The director is another woman, Phyllida Lloyd, who directed Ms. Streep in 2008’s Mamma Mia! which my girlfriend loves and has become a (not-so) guilty pleasure of mine. And this trio of women, Ms. Streep, Ms. Lloyd and Ms. Morgan, clearly like the feminism on display by Thatcher, even if they probably don’t like her actual politics all that much, which goes to explain why they remain quietly neutral on that topic and instead try to approach her as a human being and sympathize with her instead of seeing her as this untouchable figure, much like Helen Mirren did in The Queen five years ago (a portrayal which won her an Oscar), doing her best to show us the person behind the political facade.

A good way to achieve said humanization is to open the film with Thatcher as an old woman, being worn down by old age as well as illness, an approaching dementia, and not even being recognized at a local store, a speck of the greatly powerful woman she once was. From there the film starts going back and forth, form her as an old, deteriorating woman (helped by some great old-age make-up), to her younger years (she’s played by Alexandra Roach as a youth), graduating from Oxford, then marrying Denis Thatcher (played by Harry Lloyd as a youth and then by the great Jim Broadbent), becoming the leader of the Conservative Party and eventually becoming Prime Minister. It’s great how the film shies away from the political aspect of it, how it shows Meryl Streep, rocking the make-up and becoming Thatcher, clinging on to her old-self, having some heartbreaking and seriously well-acted fantasy sequences with Denis even though he’s dead, the mild-mannered man who stood besides the iron lady and got her to have a little bit of fun.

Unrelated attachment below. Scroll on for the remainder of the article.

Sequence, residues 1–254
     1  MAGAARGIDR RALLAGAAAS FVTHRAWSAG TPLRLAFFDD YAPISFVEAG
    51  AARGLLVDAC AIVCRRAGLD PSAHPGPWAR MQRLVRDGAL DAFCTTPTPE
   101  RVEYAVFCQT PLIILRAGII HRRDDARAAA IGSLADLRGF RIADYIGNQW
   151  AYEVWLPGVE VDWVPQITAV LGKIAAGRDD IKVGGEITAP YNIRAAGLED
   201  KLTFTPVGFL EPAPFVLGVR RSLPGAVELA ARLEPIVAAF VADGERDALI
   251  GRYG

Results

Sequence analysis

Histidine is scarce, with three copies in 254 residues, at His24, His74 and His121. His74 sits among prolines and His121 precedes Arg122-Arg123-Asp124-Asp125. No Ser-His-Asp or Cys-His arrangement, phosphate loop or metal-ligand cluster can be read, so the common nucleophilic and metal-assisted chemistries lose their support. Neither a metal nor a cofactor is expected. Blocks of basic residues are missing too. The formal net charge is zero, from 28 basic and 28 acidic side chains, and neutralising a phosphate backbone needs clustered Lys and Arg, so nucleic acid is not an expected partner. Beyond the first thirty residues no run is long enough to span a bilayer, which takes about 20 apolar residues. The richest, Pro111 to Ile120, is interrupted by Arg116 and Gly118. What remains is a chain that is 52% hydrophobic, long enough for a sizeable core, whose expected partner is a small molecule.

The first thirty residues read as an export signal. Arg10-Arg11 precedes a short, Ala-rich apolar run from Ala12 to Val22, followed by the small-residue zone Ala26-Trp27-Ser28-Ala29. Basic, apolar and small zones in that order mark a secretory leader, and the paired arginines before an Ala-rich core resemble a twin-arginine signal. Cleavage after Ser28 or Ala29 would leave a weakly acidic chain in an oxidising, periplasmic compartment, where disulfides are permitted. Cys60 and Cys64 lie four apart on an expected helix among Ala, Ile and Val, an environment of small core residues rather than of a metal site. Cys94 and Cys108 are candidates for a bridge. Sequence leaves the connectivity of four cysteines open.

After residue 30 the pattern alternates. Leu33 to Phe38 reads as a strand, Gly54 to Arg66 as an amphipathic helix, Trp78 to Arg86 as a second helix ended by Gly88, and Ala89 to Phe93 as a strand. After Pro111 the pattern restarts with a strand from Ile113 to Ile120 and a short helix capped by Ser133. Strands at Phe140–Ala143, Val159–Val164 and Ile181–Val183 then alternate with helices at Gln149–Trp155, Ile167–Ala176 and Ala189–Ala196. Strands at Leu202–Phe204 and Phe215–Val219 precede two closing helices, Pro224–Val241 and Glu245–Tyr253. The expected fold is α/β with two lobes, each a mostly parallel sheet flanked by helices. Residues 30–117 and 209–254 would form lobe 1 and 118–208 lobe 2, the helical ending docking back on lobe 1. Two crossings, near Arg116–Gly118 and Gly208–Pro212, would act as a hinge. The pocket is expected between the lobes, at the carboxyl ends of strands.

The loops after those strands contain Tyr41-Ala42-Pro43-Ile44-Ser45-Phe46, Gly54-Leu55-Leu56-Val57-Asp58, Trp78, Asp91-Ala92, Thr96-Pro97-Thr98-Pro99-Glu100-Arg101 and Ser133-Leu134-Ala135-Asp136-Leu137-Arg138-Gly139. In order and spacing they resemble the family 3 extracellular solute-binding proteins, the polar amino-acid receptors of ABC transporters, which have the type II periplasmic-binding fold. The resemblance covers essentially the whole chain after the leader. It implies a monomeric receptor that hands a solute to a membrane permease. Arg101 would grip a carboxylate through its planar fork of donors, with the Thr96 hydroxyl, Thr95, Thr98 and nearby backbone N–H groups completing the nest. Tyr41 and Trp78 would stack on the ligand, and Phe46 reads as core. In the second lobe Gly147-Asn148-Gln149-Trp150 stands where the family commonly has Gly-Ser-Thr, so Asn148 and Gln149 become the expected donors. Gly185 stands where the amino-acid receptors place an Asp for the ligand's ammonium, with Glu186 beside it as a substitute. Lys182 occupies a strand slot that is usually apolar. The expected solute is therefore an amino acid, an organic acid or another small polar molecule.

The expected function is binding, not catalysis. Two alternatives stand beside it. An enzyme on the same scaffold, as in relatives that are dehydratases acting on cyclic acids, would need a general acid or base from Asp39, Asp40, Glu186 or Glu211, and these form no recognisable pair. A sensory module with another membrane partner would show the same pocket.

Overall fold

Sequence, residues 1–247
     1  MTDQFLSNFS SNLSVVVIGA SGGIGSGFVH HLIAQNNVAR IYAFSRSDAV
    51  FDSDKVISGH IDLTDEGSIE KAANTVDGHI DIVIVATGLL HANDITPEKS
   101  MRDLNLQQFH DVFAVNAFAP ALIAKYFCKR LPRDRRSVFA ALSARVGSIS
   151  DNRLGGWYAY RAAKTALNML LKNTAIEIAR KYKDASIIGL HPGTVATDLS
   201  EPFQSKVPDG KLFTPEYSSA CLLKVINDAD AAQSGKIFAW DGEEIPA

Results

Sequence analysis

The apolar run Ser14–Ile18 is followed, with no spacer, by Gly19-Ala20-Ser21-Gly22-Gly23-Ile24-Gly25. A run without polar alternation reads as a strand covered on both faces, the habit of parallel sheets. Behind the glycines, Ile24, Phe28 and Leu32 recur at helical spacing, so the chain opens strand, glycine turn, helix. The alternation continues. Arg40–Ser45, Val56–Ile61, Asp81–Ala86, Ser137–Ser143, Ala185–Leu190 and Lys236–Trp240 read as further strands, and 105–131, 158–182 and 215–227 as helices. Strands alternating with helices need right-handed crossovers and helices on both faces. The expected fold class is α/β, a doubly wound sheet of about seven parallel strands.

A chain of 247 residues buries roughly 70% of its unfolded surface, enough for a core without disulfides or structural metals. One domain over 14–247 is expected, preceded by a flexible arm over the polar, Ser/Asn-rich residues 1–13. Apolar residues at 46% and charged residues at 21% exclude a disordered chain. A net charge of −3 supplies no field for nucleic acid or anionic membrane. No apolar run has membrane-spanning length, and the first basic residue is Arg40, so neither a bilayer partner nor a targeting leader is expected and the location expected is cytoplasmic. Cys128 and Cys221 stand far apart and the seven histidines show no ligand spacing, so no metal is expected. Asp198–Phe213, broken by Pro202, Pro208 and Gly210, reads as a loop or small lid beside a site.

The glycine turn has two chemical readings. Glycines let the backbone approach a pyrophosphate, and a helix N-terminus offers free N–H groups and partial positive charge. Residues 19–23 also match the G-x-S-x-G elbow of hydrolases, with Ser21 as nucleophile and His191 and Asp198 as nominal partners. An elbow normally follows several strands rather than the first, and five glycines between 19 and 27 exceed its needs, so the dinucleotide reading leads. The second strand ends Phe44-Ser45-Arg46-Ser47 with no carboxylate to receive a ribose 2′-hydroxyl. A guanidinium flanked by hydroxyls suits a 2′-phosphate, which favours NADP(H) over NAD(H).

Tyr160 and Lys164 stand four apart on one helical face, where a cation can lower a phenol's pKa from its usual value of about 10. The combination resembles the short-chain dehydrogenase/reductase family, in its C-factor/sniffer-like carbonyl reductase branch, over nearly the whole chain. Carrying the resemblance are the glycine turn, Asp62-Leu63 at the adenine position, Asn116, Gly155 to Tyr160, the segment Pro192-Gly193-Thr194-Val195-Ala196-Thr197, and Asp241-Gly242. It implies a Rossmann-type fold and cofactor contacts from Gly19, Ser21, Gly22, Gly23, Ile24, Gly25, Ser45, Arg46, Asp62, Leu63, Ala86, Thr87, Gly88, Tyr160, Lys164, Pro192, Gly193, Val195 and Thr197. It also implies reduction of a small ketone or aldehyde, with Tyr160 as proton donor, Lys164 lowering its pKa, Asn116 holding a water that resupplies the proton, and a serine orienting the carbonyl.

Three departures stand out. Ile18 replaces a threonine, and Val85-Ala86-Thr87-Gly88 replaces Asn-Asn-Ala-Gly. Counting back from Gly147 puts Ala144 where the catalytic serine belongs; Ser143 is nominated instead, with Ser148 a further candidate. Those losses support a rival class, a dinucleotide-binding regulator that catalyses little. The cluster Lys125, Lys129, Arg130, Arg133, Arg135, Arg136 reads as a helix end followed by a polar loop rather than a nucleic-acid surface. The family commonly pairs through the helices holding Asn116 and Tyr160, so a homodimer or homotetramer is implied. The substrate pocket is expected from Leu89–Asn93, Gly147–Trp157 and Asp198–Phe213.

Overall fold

In the end, whether you feel the film needed to be more poltically-minded, to be more of a history lesson, you’re still left with an undeniable performance by Meryl Streep. How she impersonates Thatcher is unbelievable, from the mannerisms to the voice and how she alters it all to fit her at different times of her life is amazing, watching the greatest ever finding the inner workings of her character by going at her from the outside in. I honestly don’t care what people may think about Thatcher, all I know is that people would be dumb if they let that take away from the masterful acting on display by Ms. Streep. You get the sense that the direction by Ms. Lloyd could be tighter, and this film isn’t great; but just that performance, what a performance, it’s a thing of beauty to behold, and that golden man better have Meryl Streep’s named already engraved on it.

Grade: B+


Leave a Reply

Fill in your details below or click an icon to log in: Logo

You are commenting using your account. Log Out /  Change )

Google+ photo

You are commenting using your Google+ account. Log Out /  Change )

Twitter picture

You are commenting using your Twitter account. Log Out /  Change )

Facebook photo

You are commenting using your Facebook account. Log Out /  Change )


Connecting to %s

%d bloggers like this: